How It Works
DC Controller with 1A Capability
An instruction on how to build a Controller for DC motored models.
DC Controller mounted in Case
This power supply is based on the uA723 integrated circuit. The IC acts as a negative feedback voltage regulator driving the 2N3055 power transistor. The reference (pin 4) is a zener regulated voltage of 6.8 volts. This voltage is available across the SPEED control and the 470 ohm resistor going to earth (pin 5). The control (pin 3) is driven from a tap on the SPEED control, and can be adjusted from 6.8 volts at maximum setting to 0.58 volts [ie 6.8 volts * 470 / (470 + 5000)] at minimum setting. The control voltage (pin 3) is compared to the feedback (pin 2) voltage, (and here's the important bit) the track voltage driven from the output (pin 6) is varied by the IC until the voltages at the control pin and the feedback pin are the same.
Because the feedback voltage is derived from a dividing tap on the output voltage, then the track voltage has to be a multiple of the feedback voltage, as determined by the 560 and 470 ohm divider resistors. In this case the track voltage is 1.839 times the feedback voltage [ie Vfeedback * (470 + 560) / 560]. If the track voltage is 1.839 times the feedback voltage, it must be also be 1.839 times the control pin voltage ie 1.839 * 6.8 volts = 12.507 volts at maximum, and 1.839 * 0.58 volts = 1.066 volts at minimum.
The 0.47 ohm resistor detects the current flowing in the track and applies a voltage across the protection terminals (pins 10 and 1) of the IC. When the voltage reaches 0.6 volts across the resistor, the IC rapidly switches the output voltage to minimum, but maintains the current. The maximum current Imax = 0.6 volts / Rprotection = 0.6/0.47 = 1.276 Amps. When a short circuit is applied to the track, fast transient response is guaranteed by the 100pF capacitor coupled to the Frequency Compensation input (pin 9). The IC voltage output (pin 6) is always 0.7 volts above the track voltage due to the base to emitter voltage of the 2N3055.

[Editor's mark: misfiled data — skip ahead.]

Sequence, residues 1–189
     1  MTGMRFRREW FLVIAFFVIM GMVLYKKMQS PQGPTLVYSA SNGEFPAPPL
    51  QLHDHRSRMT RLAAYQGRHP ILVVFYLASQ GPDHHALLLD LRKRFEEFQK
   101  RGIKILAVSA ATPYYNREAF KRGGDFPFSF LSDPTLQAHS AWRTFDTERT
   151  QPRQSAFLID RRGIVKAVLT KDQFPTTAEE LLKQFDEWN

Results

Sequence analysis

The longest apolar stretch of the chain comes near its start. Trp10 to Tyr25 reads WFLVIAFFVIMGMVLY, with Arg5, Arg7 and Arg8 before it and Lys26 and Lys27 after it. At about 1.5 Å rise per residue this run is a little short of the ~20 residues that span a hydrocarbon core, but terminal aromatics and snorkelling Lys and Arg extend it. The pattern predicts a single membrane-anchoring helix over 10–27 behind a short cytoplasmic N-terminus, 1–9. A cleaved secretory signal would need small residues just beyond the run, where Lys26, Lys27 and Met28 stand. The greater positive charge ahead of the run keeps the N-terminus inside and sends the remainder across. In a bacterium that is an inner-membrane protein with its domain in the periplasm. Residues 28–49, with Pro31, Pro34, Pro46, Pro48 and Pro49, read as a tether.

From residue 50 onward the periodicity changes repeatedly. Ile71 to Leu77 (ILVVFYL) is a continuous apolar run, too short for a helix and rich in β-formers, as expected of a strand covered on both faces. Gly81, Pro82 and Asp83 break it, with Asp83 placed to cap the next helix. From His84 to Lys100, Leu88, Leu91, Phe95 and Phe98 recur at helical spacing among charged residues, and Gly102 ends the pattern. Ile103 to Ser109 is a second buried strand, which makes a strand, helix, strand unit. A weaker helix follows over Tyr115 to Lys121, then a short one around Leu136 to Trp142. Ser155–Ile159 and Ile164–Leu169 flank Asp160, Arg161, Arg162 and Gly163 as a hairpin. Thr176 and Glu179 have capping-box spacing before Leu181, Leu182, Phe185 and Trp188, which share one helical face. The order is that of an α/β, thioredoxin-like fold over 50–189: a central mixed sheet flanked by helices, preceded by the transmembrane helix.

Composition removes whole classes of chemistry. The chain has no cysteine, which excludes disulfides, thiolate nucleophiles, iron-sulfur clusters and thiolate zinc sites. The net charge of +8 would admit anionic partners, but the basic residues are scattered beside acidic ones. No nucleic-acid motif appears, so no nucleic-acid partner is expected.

PLEASE NOTE: Two versions of the LM723 IC exist. There is a circular 10 pin and a 14 pin DIL version. They have a different geometry of pin layout. Be sure to check the pins for correct PCB layout. The components are available from Dick Smiths, Jaycar or Altronics. Try using a 1.5 Amp 8 volt DC plug pack instead of the transformer and rectifier. Use a double pole, double throw switch to effect locomotive reversal. DO NOT earth the negative rail of the supply if you are using multiple supplies to a layout.
I have used these controllers for years, and find they are eminently successful at powering anything from Lima to Athearn locomotives. The short circuit protection is a real plus, as is the regulation which means the track voltage is kept constant with varying load current demand. I have modified the power supply in the photographs by adding a second transistor (BD139) to drive the output transistor (MJE3055) to higher output current. You will not normally require this, as the uA723 will deliver 100mA from the output (pin 6) and a 2N3055 is able to easily boost this to the required 1.2 Amps.